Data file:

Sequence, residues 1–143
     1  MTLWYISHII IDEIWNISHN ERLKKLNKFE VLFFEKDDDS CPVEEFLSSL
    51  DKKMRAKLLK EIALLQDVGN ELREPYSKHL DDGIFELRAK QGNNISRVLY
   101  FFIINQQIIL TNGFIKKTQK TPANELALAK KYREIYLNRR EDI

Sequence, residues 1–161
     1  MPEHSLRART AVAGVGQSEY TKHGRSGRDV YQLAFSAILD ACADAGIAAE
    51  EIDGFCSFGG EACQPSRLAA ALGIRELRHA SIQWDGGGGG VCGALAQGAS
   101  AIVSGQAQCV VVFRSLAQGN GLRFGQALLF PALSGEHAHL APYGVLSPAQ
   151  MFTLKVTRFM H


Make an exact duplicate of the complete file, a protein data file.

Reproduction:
Sequence, residues 1–143
     1  MTLWYISHII IDEIWNISHN ERLKKLNKFE VLFFEKDDDS CPVEEFLSSL
    51  DKKMRAKLLK EIALLQDVGN ELREPYSKHL DDGIFELRAK QGNNISRVLY
   101  FFIINQQIIL TNGFIKKTQK TPANELALAK KYREIYLNRR EDI

Sequence, residues 1–161
     1  MPEHSLRART AVAGVGQSEY TKHGRSGRDV YQLAFSAILD ACADAGIAAE
    51  EIDGFCSFGG EACQPSRLAA ALGIRELRHA SIQWDGGGGG VCGALAQGAS
   101  AIVSGQAQCV VVFRSLAQGN GLRFGQALLF PALSGEHAHL APYGVLSPAQ
   151  MFTLKVTRFM H